No, really, it's not that bad. Chilly, yes, but my clothes are adequate (my North Face rain poncho is getting another workout) and I admit that I like everything I've eaten so far (with the exception of a smoothie which, judging from the taste, was made with none-too-ripe strawberries). I'm a bit bitter about the bed, which has a sunken Grand Canyon-sized hole in the middle and caused me to walk around with a sore back all day today, but I have to admit that it's warm.
Overall, I like Cork better than I liked Ireland last time I was here (in Belfast and Kilkenny), probably because I get to do things myself rather than having Tara shepherd me around. On the other hand, I'm three years older now, and the difference between 18 and 21 is never so apparent as when traveling internationally. Ah, well.
I got here yesterday and will be leaving tomorrow - short trip, yes - but here are the high spots:
- I stepped off the tarmac into the Cork airport, and was greeted by a fireplace with an open-flame fire. Next to it lay a bellows, yes, an honest-to-god bellows. In what other public place would you find a merry fire than in an Irish airport?
- The grocery store has a large ready-made area where one can get, among other things, pasta salad, fried potatoes, and cucumber-tomato-feta salad. Needless to say, I have taken advantage of this. Multiple times.
- I talked with a shy Irish teenager with long red hair, wearing a green school uniform and looking exactly like how I'd imagine a female leprechaun to be.
- Immediately afterwards, I talked with a NOT shy Australian girl with long red hair who, like me, was heading to Blarney Castle, so we spent the morning together. Kissing the Blarney Stone, it turns out, means lying down on the floor of the roof of the castle, holding onto a bar, and hanging your head into 82 feet of open space and feeling the pull of gravity while a strange man holds your waist. LOL.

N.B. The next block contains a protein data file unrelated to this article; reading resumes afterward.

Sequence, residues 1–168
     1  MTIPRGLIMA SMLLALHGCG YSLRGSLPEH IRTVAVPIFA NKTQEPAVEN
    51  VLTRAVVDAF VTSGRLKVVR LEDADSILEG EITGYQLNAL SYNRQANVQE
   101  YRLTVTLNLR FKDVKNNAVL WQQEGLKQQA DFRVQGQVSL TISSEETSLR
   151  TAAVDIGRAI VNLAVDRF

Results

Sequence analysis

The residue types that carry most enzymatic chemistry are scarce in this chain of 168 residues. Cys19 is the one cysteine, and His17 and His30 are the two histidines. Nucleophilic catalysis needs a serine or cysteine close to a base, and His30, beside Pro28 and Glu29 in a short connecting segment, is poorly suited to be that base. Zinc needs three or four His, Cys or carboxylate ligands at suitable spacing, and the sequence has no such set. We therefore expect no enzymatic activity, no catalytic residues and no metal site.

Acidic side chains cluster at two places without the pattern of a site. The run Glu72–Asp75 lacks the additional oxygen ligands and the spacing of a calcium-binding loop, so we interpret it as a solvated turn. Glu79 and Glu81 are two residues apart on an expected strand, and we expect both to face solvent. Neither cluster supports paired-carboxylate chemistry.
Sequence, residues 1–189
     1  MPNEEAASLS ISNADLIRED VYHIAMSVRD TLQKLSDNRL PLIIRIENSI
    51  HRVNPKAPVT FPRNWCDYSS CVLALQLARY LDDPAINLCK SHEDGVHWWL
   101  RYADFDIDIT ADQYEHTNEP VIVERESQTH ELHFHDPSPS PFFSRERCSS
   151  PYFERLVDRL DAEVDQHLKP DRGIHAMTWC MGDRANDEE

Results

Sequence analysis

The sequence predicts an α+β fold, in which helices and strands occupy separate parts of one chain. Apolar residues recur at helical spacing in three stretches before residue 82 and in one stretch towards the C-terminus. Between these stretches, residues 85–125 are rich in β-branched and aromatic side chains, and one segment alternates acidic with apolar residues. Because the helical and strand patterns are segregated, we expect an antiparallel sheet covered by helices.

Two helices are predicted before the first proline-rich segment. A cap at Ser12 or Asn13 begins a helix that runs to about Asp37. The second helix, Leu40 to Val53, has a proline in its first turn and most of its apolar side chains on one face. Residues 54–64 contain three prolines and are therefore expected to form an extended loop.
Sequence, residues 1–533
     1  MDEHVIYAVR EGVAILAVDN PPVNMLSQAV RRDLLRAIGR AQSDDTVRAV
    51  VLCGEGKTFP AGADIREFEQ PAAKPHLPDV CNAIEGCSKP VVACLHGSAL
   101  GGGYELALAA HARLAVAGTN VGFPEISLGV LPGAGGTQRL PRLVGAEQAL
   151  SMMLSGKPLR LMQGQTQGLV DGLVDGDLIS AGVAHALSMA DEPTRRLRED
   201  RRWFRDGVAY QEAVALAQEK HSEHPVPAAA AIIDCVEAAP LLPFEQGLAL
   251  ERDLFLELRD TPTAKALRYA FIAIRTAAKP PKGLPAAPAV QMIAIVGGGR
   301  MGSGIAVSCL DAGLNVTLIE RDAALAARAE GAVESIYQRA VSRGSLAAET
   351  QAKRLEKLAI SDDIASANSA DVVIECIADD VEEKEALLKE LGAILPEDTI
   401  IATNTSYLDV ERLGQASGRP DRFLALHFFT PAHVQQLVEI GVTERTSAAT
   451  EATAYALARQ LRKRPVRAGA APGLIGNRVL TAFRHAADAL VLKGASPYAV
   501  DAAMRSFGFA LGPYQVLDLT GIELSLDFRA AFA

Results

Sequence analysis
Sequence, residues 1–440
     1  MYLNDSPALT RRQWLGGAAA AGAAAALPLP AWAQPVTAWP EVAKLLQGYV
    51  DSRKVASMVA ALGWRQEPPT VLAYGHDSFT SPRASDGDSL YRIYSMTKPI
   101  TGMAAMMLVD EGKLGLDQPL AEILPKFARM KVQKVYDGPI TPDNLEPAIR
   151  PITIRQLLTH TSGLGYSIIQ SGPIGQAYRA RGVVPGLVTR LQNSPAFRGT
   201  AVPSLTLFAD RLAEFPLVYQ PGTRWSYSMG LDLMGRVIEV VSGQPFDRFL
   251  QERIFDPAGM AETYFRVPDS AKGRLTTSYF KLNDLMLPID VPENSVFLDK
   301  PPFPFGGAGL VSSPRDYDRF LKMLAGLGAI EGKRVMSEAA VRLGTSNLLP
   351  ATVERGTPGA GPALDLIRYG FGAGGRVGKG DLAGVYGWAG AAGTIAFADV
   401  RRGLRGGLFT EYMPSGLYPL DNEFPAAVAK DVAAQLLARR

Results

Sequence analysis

- I finally saw Pride and Prejudice, which many of you will no doubt think is a terrible way to 'waste' two of my 48 hours in this country. I disagree. First, the film was made in the UK and won't even be released in America for another month. Second, you can tell a lot about a country by the way they run their movies. For instance, I've learned that the Irish do not need a nicotine break in the middle like the Dutch (though that's not to say that they smoke any less!), and that they are relatively tolerant of amateur projectionists who can't get the focus right. Educational. (Okay, really, I was just walking past and saw that it would be playing in 20 minutes and couldn't think of a good reason not to go... happy?)
- I spent a couple of hours in a bookstore called Waterstone's (I think?) and managed to find my Belle de Jour book, which isn't available in the US. I'd been planning to buy it for months, and just finished it a few minutes before getting online. Funny, it's more like the blog than I thought - there are certain passages I remember word for word, from when she was still blogging. (Her link is over in my right-hand column somewhere, but I can't add it again here because I can't figure out how to make the double-quotation mark on this godforsaken international keyboard, and that's rather essential for link HTML.)